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US equities have rallied close to 30% this year and will likely remain better bid in 2020, as historical data shows very big years in stocks rarely precede recessions.  

When the S&P 500 has risen 20% or more over a calendar year, it’s had positive returns in the next one-two-thirds of the time. Average gains were more than 6.5%, according to Bespoke Investment Group.  

Also, since 1930, there have been 17 calendar years in which the S&P 500 gained 25% or more. A recession followed three times – in 1990, 1981 and 1937.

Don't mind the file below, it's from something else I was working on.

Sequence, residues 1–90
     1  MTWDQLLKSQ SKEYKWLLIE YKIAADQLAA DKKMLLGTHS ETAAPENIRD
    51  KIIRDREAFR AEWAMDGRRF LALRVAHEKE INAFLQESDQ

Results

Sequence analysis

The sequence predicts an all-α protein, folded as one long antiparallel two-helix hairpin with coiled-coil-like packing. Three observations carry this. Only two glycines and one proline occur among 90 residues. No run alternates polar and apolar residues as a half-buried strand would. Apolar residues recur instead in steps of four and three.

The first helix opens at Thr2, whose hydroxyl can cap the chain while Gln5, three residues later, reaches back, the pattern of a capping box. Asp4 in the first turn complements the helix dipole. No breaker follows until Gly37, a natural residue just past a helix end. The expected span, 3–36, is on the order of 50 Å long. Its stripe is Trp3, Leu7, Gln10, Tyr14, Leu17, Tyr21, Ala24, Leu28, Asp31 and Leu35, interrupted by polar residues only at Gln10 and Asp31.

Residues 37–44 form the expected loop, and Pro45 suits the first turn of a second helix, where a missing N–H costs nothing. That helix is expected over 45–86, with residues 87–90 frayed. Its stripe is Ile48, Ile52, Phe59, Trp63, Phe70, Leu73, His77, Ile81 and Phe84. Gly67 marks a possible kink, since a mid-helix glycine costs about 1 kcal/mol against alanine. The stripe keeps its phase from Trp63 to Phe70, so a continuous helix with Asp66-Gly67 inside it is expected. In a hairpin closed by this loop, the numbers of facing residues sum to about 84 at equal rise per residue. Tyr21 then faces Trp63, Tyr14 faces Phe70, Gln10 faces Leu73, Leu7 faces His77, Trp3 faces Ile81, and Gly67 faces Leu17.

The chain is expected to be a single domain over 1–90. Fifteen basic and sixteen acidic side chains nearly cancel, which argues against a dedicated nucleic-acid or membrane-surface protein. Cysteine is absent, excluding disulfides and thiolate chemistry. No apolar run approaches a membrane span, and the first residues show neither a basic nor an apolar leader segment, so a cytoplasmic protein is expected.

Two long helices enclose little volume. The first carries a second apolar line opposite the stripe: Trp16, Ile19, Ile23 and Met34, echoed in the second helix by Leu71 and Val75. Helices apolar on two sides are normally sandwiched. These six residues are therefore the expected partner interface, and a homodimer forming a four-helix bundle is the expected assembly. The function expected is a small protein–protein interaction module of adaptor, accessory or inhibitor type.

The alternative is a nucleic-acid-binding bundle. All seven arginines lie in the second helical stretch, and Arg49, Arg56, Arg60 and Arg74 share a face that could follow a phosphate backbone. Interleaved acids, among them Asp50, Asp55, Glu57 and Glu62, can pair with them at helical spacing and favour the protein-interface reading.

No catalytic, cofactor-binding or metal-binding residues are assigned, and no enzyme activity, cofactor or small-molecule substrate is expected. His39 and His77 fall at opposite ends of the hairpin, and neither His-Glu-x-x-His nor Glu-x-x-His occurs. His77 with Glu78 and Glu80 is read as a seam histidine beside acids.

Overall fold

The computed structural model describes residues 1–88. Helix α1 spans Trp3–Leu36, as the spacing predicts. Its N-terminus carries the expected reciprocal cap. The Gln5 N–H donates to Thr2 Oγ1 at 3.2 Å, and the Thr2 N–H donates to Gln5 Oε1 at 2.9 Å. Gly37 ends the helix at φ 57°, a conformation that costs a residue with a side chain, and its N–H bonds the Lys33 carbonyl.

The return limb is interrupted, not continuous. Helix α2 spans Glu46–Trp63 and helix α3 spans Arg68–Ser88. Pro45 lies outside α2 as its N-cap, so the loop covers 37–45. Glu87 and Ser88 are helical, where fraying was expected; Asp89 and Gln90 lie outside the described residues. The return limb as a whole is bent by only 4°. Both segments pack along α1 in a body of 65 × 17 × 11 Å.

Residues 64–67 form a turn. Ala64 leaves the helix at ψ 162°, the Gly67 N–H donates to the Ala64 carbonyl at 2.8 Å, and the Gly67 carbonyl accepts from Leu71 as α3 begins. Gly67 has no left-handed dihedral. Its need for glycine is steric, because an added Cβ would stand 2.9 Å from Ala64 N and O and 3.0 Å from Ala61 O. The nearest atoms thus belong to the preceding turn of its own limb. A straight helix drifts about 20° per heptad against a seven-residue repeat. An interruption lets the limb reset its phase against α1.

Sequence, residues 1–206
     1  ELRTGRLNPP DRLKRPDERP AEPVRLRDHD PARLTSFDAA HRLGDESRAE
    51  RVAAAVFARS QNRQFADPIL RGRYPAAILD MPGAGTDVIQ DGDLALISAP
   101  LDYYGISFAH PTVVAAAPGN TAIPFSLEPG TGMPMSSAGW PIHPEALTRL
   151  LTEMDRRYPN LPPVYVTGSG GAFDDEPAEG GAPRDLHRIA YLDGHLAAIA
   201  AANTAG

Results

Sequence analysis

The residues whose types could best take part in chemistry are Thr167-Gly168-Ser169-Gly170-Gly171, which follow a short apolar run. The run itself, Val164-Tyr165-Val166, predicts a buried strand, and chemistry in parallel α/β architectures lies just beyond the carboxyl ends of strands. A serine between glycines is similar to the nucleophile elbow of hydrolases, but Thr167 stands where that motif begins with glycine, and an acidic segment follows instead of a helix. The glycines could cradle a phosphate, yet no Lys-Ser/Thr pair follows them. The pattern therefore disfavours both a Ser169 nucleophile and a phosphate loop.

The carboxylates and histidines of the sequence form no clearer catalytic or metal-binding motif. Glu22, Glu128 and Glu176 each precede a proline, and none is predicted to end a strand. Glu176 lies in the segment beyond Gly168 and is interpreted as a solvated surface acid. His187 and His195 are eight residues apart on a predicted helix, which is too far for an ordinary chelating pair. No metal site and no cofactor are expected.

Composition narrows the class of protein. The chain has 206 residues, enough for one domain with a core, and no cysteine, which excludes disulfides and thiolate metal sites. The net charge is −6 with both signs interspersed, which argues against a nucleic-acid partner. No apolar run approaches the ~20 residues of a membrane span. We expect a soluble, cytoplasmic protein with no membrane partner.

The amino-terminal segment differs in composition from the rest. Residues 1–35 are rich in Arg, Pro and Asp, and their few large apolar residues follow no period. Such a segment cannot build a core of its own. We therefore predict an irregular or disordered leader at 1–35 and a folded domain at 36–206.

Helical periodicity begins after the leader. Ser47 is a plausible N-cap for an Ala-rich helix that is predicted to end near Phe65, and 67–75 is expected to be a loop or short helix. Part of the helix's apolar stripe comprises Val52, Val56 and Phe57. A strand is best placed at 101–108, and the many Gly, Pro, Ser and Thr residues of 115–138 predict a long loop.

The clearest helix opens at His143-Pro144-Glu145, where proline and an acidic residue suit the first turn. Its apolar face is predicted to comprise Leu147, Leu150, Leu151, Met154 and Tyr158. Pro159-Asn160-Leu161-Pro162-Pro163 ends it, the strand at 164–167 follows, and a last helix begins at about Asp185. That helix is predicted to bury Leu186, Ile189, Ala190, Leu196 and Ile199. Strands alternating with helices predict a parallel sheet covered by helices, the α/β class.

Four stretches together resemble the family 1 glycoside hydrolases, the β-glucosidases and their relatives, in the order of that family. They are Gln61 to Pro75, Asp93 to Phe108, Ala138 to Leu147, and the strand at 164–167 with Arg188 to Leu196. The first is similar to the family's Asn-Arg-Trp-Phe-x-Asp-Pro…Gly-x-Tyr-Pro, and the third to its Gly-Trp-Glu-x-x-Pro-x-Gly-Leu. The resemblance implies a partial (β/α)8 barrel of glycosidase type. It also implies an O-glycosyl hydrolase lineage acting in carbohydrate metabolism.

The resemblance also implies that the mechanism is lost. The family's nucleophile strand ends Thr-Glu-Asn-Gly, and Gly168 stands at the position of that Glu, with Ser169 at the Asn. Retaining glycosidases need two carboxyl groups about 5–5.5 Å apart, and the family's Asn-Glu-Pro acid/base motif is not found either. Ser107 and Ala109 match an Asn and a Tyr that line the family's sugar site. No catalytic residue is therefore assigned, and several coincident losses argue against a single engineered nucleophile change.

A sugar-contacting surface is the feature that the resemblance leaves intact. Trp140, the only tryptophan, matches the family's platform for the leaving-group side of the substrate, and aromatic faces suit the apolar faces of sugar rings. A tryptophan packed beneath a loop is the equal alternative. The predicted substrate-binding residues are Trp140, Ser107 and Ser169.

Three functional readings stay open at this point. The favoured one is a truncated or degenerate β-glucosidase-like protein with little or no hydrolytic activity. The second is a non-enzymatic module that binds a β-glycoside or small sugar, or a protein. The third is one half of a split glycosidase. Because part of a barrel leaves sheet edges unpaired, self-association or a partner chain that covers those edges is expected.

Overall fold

Indeed past performance isn’t always indicative of future results. That said, there are more positive data right now than negative, as pointed out by Katerina Simonetti, a senior vice president at UBS Financial Services while talking to Bloomberg.  

As a result, the probability of equities putting on a good show next year is high.  

The yen bulls expecting big gains in 2020 could be left disappointed. The anti-risk Japanese yen often benefits  from risk aversion in the stock markets.